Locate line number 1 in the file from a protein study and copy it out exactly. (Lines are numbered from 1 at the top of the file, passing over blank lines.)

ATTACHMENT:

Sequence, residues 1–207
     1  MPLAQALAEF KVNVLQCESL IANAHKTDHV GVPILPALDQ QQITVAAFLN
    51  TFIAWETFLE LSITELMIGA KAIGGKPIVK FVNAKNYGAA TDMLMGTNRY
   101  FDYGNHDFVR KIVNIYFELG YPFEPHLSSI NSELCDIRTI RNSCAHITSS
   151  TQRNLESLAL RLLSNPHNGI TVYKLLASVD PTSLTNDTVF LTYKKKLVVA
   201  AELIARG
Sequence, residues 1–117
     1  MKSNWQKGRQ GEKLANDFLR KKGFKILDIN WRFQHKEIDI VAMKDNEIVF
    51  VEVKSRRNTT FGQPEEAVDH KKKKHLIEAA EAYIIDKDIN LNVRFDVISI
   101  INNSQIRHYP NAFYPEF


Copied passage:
Sequence, residues 1–207